updated 2/9/2004 7:41:00 PM ET 2004-02-10T00:41:00

The Walt Disney Co. took the offensive Monday against two former board members, touting the Disney brand in full-page newspaper ads and writing shareholders to outline the company’s recent accomplishments.

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The moves come two days before Disney is expected to release strong first quarter earnings and follows an aggressive campaign to oust Disney chief executive Michael Eisner waged by former board members Roy E. Disney and Stanley Gold.

In a “Dear Shareholders,” letter dated Friday, Disney’s 13 board members outlined the “company’s real turnaround” over the past year and urged shareholders not to be “misled” by claims made over the past few months by Gold and Roy Disney.

“You should be disturbed by this attack, which comes at a time when your company is achieving very positive results,” the letter stated.

The letter repeats the company’s expectation of earnings growth of at least 30 percent in 2004 and adds that the board expects to add another independent director this year.

The letter also offers the company’s first formal defense of Eisner’s record.

“And they totally ignore the impressive performance record of Michael Eisner, who, as one of the company’s largest individual shareholders, is fundamentally focused on your interests,” the letter states.

The letter points out that Disney’s stock rose 43 percent in 2003, compared to a 26 percent gain in the Standard & Poor’s 500 index.

Why they're complaining
Roy Disney and Gold have complained that Disney’s stock price underperformed major indexes from 1996 through 2003.

“They’re trying to defend Mr. Eisner’s positions in many different facets of the company leading up to the shareholder meeting,” David Miller, an analyst with Sanders Morris Harris, said Monday of the company’s letter. “They’re saying, ’Let our financial performance speak for itself and whatever critics are out there, let’s silence them with our numbers.”’

The company is expected to report significantly higher earnings this week, boosted by profits from its film studio and improvements at its theme parks and television networks.

The Disney dissident group sent its own letter last week to company board member George Mitchell, challenging the company to release letters and presentations Gold and Roy Disney made to the board over the past two years.

“The company has questioned the accuracy of our statements without supporting its claims,” according to the letter, signed by Shamrock Investments officer Michael McConnell. “We are prepared to openly discuss all of our statements.”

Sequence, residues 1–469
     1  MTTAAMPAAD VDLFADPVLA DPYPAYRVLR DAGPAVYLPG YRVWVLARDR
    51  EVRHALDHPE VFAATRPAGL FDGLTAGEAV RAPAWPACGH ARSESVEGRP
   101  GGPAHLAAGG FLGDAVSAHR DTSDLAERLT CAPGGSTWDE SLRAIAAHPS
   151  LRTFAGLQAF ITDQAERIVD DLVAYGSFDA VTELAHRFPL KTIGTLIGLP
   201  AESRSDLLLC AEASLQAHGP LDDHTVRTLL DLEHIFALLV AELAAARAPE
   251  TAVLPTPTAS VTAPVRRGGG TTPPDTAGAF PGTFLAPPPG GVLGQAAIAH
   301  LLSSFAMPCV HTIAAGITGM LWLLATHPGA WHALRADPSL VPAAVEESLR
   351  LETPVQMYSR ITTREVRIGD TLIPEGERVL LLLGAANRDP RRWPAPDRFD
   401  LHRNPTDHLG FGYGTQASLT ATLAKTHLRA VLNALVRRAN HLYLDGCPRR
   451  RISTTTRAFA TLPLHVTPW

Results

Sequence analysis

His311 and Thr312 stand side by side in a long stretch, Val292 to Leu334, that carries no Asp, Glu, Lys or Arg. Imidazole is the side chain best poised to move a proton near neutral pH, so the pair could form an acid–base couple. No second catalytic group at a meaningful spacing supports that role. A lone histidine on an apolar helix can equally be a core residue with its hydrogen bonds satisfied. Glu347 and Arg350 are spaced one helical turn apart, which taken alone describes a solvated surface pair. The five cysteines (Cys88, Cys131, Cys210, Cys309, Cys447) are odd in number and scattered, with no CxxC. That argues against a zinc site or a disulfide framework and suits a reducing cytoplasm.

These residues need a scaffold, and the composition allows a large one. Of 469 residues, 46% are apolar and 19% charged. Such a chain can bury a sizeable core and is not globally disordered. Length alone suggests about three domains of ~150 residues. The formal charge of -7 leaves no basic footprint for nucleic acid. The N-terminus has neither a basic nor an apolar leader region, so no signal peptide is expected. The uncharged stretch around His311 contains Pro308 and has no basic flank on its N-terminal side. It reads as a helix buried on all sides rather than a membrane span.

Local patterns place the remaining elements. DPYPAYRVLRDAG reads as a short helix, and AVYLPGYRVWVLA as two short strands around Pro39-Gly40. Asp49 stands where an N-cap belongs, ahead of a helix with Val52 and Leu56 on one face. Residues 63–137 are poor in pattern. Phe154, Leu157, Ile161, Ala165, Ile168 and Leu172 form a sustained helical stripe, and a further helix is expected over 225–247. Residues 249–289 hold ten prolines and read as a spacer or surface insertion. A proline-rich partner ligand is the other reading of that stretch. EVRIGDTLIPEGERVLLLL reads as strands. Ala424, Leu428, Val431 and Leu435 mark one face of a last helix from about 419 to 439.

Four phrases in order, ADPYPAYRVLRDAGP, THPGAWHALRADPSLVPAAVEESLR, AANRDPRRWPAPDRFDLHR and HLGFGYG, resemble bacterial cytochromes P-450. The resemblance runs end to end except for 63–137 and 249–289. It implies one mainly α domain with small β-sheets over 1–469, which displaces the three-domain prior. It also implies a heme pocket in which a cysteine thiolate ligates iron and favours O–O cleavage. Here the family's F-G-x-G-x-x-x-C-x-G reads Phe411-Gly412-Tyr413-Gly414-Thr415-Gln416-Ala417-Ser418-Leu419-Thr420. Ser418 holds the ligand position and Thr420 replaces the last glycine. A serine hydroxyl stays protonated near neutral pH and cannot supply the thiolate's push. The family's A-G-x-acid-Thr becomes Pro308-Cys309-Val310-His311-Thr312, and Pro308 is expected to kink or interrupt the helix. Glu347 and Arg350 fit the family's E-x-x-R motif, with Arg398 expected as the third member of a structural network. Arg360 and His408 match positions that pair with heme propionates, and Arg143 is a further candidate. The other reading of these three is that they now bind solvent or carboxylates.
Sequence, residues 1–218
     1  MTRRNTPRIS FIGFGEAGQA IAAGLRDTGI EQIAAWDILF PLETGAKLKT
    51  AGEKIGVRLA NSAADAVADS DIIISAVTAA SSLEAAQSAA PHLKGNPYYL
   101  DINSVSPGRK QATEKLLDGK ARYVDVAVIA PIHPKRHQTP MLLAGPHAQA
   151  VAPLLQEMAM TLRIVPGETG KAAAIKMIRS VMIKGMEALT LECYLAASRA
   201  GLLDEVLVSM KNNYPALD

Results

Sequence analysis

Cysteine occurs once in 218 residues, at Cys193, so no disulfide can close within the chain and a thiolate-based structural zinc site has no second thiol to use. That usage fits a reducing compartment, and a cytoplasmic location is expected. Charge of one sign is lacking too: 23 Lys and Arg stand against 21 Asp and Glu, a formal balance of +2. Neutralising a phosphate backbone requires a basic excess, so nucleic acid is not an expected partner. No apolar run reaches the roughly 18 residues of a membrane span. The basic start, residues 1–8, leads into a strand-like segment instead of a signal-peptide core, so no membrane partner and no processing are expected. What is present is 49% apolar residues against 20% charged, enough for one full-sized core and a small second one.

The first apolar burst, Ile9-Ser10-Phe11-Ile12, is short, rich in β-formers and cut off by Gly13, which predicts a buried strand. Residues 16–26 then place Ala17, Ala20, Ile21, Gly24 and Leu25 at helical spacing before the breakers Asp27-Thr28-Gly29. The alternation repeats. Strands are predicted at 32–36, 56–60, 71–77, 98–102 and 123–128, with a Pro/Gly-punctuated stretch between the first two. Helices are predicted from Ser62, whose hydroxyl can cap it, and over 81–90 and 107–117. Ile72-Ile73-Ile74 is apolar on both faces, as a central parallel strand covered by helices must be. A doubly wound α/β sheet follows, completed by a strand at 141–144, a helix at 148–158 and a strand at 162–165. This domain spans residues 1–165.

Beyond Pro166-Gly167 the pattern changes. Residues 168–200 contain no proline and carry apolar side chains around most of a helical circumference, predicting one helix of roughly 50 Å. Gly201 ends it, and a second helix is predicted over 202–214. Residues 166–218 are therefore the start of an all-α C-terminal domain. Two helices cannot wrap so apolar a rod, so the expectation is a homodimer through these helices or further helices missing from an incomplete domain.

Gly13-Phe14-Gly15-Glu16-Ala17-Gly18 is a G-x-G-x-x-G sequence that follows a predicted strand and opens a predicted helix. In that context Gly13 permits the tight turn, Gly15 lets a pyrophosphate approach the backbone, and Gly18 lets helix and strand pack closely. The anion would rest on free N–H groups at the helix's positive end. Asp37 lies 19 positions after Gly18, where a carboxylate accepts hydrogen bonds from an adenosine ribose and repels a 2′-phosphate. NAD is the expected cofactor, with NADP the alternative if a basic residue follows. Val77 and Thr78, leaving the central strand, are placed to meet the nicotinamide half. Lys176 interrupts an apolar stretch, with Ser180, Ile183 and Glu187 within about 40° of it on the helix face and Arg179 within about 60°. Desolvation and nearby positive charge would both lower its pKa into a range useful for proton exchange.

Shamrock Investments is run by Gold primarily to manage Roy Disney’s financial holdings.

The dissidents also challenged the company to respond to a list of questions they plan to pose next week about Disney’s recent financial performance.

Both sides in the corporate dispute have been wooing large shareholders and corporate governance proponents over the past few months. Eisner and Mitchell have met with key financial analysts and others.

Gold and Roy Disney are planning to make their case on a conference call with institutional shareholders Wednesday — the same day Disney releases its first quarter earnings.

The unprecedented communications are expected to intensify ahead of Disney’s March 3 shareholder’s meeting in Philadelphia.

Gold and Roy Disney are urging shareholders to cast a “no” vote against four director candidates, including Eisner and Mitchell, as a protest. The two have not nominated an opposing slate of directors.

“I think that Disney has made progress and they are interested in making more progress and I am delighted the pressure from Roy and Stanley is keeping the fire under their feet,” said Nell Minow, editor of the Corporate Library, a private research group that studies business governance.

Eisner has met twice with Minow in recent weeks, once with Mitchell.

“If it wasn’t for Roy and Stanley, I don’t think anyone would be asking to meet with me,” she said.

Yet Minow questions the credibility of the dissidents and says she is “cautiously optimistic” about Eisner’s willingness to be responsive to shareholders.

“The fact they served at a time of excessive executive compensation and poor corporate governance makes it hard for them at this time to get the credibility they need,” she said of Gold and Roy Disney.

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